Monday, 16 October 2017

The face as a mirror... of the pocket!

Pedro Rey


As this is my first post on this blog, let me introduce myself. I am a researcher into behavioural economics, a field that uses ideas from psychology to enrich the study of economic problems. More specifically, at present we are working on a project that – as I will explain at the end of this piece, and for various reasons – may have interesting implications in the field of medicine.

Our research aims to answer a simple question: what is the relationship between how much consumers like the products they buy and how much they are willing to pay for them?


This is a vital question is for economists, as we construct all our theories around the assumption that there is a very close relationship between the two. However, it is very difficult to prove the assumption, as that requires us to ascertain two things that are also difficult to measure. There is no clear way to objectively measure how much a consumer enjoys a product, nor is it in the consumer’s interest to tell us how much they are really prepared to pay for something. For this reason, we conducted an experiment in a theatre, the Sala Becket in Barcelona. There, we asked spectators to fill in questionnaires before and after the performance. Crucially, admission was not by conventional pre-paid ticket; rather, spectators could pay what they wanted after the show. The questionnaires provided two important measurements of enjoyment: how much spectators had enjoyed the show; and how much they expected to enjoy it before coming to the theatre. Asking audiences to pay what they want enables us to compare willingness to pay with what they really pay. Obviously, spectators could decide to pay nothing, but the production company we worked with, Sixto Paz, has been using the “pay what you want” strategy successfully for some years now. The most interesting result we have noted so far is that the amount paid depends less on how much spectators say they enjoyed the play than on the difference between how much they thought they would enjoy it and how much they actually enjoyed it. We therefore conclude that the most important thing is to satisfy expectations and that, although, in principle, one might think that it would be best to attract potential consumers by greatly raising these expectations, there also exists the risk of disappointing them. Accordingly, the greatest care should be taken when designing advertisements.




Nevertheless, we find using the method conventionally employed in marketing to measure levels of consumer satisfaction, the questionnaire, somewhat unsatisfactory. This is because the fact that we can find a link between how much a consumer pays and how much they say they enjoy a product may be due, simply, to the fact that we all try to be consistent. For this reason, we also used technology to obtain an alternative measure of enjoyment: deploying high-definition cameras, we filmed spectators during the performance, then processed the results using facial recognition software. This enables us to ascertain precisely, for example, how many times and how intensely a spectator laughs during a comedy, and how much attention they pay to the show. Obviously, people go to see comedies in order to enjoy a good laugh, so how much someone laughs can be a good way of measuring their enjoyment. We therefore decided to seek the relationship between data on payment and on facial expression.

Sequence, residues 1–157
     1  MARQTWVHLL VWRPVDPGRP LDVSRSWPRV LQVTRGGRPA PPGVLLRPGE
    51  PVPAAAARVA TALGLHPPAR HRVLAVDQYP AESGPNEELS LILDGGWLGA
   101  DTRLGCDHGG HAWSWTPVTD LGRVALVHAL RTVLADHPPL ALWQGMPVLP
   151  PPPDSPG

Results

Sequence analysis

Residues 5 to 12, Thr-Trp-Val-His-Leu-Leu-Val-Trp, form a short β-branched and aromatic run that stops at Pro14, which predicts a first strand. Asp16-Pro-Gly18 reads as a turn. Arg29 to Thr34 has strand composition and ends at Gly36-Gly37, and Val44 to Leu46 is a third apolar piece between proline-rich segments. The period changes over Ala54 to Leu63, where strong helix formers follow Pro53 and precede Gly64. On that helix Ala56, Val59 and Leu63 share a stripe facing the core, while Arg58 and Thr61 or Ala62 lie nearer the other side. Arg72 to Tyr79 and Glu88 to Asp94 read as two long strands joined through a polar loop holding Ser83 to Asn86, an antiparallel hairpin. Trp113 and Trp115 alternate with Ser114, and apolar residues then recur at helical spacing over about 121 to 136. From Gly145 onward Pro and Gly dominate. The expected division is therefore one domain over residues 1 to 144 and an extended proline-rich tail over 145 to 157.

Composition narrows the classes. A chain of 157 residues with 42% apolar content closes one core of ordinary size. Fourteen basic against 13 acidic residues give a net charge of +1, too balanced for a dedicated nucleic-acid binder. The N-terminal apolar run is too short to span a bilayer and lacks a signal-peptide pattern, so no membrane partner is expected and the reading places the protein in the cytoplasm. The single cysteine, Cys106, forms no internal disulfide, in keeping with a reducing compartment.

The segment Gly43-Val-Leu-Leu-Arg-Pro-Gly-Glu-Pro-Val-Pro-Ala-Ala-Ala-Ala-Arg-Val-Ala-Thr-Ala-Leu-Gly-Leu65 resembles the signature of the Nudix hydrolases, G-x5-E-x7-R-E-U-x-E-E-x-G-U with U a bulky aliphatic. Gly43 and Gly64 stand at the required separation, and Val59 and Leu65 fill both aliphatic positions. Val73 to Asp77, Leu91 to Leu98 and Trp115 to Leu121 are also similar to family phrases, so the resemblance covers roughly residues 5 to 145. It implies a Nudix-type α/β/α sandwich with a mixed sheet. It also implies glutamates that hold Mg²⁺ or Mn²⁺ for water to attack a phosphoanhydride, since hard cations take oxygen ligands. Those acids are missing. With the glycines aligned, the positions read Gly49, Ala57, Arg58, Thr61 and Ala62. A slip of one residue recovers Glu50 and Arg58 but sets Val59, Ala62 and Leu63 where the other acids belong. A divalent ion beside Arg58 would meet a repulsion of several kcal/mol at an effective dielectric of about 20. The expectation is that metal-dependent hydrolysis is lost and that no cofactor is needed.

I mentioned at the beginning that our study may be of medical interest. There are two reasons for this. Firstly, the show we used for the experiment, Lucy Prebble’s play The Effect, about a clinical trial for a new antidepressant drug. The plot is of interest to researchers, as the lead characters fall in love during the trial, and it is not clear whether this is due to the effects of the drug or whether the fact that they fall in love spoils the study, as it seems to demonstrate that the drug works, though this is not really proven. This gave us the idea of including this theme in our own experiment by conducting a clinical trial with the audience. Before the play, spectators were asked to take one of two pills: a placebo or a “real” pill (in fact, another placebo), which we said we were studying to see whether it enabled people to enjoy the show more. A surprisingly high proportion of spectators actually took one of these pills, without knowing which, and this enabled us to study whether the fact that someone is told that they have taken something that will increase their enjoyment effectively raises their expectations, their enjoyment or even how much they are willing to pay for a product. We have not yet obtained the final results, but we can note that the “supposedly effective” pill – like advertising which claims that those who buy a product will feel better – appears to generate positive effects on all three variables.

Moreover, the employment of facial recognition software may also have clinical utility. In particular, just as it is by no means easy for economists to measure a consumer’s enjoyment of a product, so doctors have difficulties in objectively assessing the degree of pain that a patient feels, and this can present problems when it comes to taking decisions about treatment. In both cases, the problem is similar: how do different people interpret the same scale? Different people may rate the same pain as a “7” or a “9”. That is why we are also conducting research to see whether we can use patients’ facial microexpressions when different levels of pain are applied to establish a new, more objective scale or link such a scale to conventional methods of assessing pain. As I hope to continue contributing to this blog, I will reveal the results in the near future. For now, I leave you with a video to give you an idea of the direction our research is taking.


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